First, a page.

Growing from Seed

It has always amazed me how much of a return you can get from one lone seed. One seed will generate a whole plant bearing more fruits to feed you through part of the summer and fall as well as sustain you in the winter after preserving them.

I do not profess to be an expert in growing food from seed and I have had to repeatedly try for a better/higher production ratio every year as well as to learn from my mistakes - just like everyone else in the growing world.

Growing from seed is not for everyone. It takes time, space, patience, cost of set up ( lighting,shelving, trays- weather it`s inside your house or in a greenhouse- along the seeds themselves),and extra work. But with all that being said it is the one way to ensure the security and organic`ness` of your foods, as well as being most rewarding. Growing from seed gives a whole new meaning to the `farm to fork` concept...maybe ``seed to fork`` would be more accurate.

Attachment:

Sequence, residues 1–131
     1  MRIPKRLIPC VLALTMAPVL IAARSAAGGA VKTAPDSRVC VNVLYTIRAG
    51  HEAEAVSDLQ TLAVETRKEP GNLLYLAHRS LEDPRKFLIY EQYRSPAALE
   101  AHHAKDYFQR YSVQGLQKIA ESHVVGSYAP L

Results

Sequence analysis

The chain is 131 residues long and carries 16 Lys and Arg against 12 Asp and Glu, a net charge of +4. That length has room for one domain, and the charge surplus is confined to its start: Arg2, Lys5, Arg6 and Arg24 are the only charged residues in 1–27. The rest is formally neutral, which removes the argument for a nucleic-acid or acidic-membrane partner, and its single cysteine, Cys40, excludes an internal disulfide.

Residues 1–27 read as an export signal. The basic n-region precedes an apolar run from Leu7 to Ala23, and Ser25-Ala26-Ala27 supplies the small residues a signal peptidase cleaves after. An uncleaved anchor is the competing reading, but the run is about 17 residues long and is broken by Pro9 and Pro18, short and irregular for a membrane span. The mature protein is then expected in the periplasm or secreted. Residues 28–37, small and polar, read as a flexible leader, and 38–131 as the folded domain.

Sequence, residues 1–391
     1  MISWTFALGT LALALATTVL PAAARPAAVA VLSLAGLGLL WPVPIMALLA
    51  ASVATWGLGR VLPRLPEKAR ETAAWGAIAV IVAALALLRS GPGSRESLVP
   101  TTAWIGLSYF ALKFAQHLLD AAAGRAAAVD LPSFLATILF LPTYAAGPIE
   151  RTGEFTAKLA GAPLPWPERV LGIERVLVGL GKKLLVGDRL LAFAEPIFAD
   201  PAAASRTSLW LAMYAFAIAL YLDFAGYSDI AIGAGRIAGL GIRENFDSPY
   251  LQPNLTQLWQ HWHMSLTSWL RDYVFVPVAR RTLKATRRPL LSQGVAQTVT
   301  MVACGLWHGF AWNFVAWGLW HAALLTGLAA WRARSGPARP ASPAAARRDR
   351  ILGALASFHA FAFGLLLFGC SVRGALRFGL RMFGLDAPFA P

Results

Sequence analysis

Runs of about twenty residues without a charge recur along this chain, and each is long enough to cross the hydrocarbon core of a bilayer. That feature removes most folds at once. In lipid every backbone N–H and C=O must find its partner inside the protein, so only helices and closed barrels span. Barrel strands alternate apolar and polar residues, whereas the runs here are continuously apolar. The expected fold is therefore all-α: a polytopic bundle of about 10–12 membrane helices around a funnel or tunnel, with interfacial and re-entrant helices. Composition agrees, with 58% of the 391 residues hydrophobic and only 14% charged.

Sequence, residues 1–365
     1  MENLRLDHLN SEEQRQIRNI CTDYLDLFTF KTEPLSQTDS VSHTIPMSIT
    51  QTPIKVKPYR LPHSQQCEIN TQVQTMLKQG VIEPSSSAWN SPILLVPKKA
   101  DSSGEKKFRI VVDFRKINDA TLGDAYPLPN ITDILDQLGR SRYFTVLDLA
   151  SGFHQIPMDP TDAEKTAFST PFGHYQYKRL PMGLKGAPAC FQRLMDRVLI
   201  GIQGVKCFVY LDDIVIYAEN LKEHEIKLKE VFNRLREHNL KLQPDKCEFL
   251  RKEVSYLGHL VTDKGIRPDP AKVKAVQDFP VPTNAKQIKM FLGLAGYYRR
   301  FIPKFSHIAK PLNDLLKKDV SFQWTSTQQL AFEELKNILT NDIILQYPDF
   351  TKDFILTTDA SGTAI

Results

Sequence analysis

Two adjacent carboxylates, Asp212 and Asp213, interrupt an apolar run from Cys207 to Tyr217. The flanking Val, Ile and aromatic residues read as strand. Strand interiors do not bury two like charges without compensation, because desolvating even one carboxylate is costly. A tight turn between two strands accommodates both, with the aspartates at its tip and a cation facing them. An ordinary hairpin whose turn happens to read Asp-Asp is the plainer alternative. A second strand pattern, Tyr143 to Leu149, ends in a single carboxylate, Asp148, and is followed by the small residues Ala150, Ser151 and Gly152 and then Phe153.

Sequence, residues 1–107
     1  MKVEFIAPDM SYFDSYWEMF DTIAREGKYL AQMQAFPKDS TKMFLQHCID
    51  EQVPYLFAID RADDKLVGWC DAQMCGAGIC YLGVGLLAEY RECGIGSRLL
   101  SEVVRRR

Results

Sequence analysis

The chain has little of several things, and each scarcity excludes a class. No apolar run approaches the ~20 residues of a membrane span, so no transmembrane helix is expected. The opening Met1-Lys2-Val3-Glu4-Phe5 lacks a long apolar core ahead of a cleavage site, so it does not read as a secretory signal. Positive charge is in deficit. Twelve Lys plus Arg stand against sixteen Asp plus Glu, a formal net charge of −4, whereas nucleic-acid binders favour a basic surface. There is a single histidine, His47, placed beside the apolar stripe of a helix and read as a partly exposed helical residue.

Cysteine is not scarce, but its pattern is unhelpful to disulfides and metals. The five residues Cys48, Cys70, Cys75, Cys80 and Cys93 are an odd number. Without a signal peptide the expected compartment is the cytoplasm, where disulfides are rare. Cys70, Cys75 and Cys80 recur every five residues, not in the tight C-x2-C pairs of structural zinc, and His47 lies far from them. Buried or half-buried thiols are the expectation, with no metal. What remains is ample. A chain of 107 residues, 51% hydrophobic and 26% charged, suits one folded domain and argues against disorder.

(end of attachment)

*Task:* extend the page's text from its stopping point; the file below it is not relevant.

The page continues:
Every gardener eventually comes up with their own `recipe` or mix for their soil. We are on a acreage so I have gotten topsoil delivered but without any mixing it goes hard as a rock after watering making it very hard for seeds and seedlings to survive in.

As you can see in the picture above I use a few ingredients but it all starts with saving materials through the winter like used coffee grounds and teabags...make sure you dry both very well so you don`t end up with alot of molded material. I also save eggshells from the chickens we raise ourselves, and harvest worm castings (from my red-wriggler worm farm in the rubbermaid bins in the picture) along with the abundant supply of chicken manure . Of course the `livestock` is fed from our kitchen scraps, and we compost as well to cover the needs for the rest of the outdoor gardens. I also add vermiculite to help retain moisture and take up space between the soil. And I must say this produces a nutrient rich, light&soft to the touch, and a very nice smelling soil.Even when watering we try to use melted snow  to start the seedlings with, and then once outside all they receive is rainwater since our well gives us softwater. We really enjoy this closed loop of sustainability we have created and find it quite easy to maintain.

One of the key elements I have learned is that different seeds need different environments. Hot peppers and tobacco for instance need warm humid conditions to grow in since they are native to warmer countries. Most seeds like the same environment to germinate in, but then usually enjoy a more temperate climate such as our comfy 20 celcius to grow in.